Availability of supporting data
The data sets supporting the results of this article are available in the LabArchves. The unique persistent identifier and hyperlink to data sets in https://mynotebook.labarchives.com/share/Masamitsu%2520Yamaguchi/MzIuNXwzOTQ2OS8yNS9UcmVlTm9kZS8xNjQ2ODMxOTAxfDgyLjU= (Additional file 1: Figure S1).
https://mynotebook.labarchives.com/share/Masamitsu%2520Yamaguchi/MzYuNHwzOTQ2OS8yOC9UcmVlTm9kZS8yODcxNjUyNTgyfDkyLjQ= (Additional file 2: Figure S2).
Organic solute carrier partner 1
Organic anion transporting polypeptides
Organic anion transporters
Oxidored-nitro domain-containing protein 1
Acute myeloid leukemia
Nasopharyngeal carcinomas, signal
Coomassie brilliant blue G-250
Nuclear localization signal
Upstream activation sequence
Heat shock protein 60
Sodium dodecyl sulfate-polyacrylamide gel electrophoresis
Double strand RNA.
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We thank Dr. A. Plessis for supplying fly lines, and Dr. M. Moore for comments on the English in the manuscript. This study was partially supported by a scholarship and grants from the KIT, JST and and the JSPS Core-to-Core Program, B. Asia-Africa Science Platforms.
The authors declare that they have no competing interests.
NTH conducted the experiments, analyzed the data. SM designed and performed the experiments to produce anti-dOSCP1 antibodies. TU performed the experiments for revision. NTH, HY and MY conceived and designed the study, edited and wrote the manuscripts. All authors read and approved the final manuscript.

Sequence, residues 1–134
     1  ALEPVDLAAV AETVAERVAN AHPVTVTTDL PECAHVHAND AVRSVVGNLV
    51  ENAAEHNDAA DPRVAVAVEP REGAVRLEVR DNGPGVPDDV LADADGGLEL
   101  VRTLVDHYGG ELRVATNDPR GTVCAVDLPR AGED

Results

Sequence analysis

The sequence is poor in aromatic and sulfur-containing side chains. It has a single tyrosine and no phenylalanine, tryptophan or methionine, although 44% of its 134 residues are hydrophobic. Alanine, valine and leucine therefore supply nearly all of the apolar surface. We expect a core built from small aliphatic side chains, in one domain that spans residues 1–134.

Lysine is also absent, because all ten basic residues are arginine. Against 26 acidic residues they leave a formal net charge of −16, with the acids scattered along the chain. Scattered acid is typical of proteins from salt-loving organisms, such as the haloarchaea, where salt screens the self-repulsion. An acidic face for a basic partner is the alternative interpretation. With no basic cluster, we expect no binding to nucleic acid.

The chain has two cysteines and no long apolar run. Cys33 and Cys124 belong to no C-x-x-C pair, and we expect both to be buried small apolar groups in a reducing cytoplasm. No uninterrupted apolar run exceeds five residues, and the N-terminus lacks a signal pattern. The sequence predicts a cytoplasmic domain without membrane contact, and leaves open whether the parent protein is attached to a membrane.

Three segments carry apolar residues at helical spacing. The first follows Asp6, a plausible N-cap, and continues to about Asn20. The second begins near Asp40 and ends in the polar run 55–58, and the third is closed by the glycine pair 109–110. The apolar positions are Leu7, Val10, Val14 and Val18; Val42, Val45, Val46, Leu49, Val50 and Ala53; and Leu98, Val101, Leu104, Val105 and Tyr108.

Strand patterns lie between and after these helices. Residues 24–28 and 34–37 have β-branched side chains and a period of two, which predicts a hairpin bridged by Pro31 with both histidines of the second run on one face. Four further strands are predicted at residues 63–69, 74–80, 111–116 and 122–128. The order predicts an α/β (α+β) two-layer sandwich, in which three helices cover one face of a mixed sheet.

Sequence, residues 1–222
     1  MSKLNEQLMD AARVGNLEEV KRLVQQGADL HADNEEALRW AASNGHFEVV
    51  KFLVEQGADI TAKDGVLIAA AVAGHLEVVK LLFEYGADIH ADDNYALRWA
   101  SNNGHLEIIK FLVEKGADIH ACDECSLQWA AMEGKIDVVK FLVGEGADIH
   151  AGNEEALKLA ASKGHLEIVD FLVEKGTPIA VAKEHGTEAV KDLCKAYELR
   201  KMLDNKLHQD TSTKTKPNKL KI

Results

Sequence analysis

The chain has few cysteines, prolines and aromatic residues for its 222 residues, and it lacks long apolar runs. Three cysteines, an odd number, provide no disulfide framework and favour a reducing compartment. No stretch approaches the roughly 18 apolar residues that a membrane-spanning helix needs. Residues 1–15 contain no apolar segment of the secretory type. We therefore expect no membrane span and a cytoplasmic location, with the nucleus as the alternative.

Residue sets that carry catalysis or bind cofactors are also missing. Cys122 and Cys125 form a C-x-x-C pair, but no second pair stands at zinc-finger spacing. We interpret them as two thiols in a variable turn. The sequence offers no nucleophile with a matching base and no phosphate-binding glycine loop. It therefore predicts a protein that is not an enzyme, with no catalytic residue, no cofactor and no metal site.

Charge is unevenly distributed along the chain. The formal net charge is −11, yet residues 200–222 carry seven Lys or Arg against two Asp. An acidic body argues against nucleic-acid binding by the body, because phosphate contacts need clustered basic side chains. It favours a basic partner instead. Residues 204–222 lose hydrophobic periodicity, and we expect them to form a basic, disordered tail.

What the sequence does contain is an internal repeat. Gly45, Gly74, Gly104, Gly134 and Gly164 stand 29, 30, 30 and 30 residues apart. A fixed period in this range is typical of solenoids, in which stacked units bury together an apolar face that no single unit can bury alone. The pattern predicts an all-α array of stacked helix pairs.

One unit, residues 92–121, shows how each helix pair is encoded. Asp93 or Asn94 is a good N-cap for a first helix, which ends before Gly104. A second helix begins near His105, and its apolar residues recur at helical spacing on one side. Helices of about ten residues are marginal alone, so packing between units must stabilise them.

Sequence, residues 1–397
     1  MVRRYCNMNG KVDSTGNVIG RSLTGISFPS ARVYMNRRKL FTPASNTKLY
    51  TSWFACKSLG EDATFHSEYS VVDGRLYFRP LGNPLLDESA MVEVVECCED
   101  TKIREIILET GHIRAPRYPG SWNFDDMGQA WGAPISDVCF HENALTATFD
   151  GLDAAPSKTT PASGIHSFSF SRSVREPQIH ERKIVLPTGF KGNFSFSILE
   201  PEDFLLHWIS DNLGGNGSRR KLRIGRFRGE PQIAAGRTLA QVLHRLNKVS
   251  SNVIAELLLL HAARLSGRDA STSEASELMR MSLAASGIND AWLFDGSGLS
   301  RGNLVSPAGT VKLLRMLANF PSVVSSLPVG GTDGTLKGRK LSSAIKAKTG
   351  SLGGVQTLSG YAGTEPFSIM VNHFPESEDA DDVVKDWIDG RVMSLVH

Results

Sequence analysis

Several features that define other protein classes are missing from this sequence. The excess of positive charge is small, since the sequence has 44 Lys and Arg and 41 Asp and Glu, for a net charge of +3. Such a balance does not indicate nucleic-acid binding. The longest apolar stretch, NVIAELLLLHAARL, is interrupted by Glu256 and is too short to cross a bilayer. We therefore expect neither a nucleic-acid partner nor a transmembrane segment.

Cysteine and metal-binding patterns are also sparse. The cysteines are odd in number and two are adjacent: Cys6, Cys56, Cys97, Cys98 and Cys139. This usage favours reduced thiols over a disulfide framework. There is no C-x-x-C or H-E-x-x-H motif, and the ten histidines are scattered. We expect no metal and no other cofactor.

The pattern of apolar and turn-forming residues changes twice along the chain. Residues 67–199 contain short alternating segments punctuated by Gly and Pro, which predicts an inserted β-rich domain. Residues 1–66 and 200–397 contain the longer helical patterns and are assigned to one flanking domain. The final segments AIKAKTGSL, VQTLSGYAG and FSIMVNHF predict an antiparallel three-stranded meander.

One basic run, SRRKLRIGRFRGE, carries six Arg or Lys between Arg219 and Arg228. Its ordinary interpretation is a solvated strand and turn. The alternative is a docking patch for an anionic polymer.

Electronic supplementary material
Additional file 1: Figure S1: Identification of the absorption of anti-dOSCP1 antibody and His-dOSCP1 fusion proteins. Brain lobe, fat body and several imaginal discs of third instar larvae immunostained with anti-dOSCP1 antibody preincubated with the purified His-dOSCP1 fusion proteins. Microscopic inspections were carried out under the same conditions for the immunostaining with the antibody without preincubation (Figure 4). (A) brain lobe, (B) leg disc, (C) wing disc, (D) eye disc, (E) fat body, (F) salivary gland. (A”-F”) higher magnification images of the indicated regions of the upper panels. (A’-F’) and (A”’-F”’) Merged images of several imaginal discs with DAPI (Blue) and anti-dOSCP1 antibody (Red). The bars indicate 100 μm (A’-F’) or 10 μm (A”’-F”’). (TIFF 12 MB)
Additional file 2: Figure S2: Localization of KDEL, GM130 and KDEL receptor in cultured Drosophila S2 cells. Cells stained with anti-KDEL (A), anti-GM130 (B), anti-KDEL receptor (C) antibodies, (D) absence of the primary antibodies (Green) and DAPI (Blue). (A’-D’) merged images. The bars indicate 10 μm. (TIFF 3 MB)
Authors’ original submitted files for images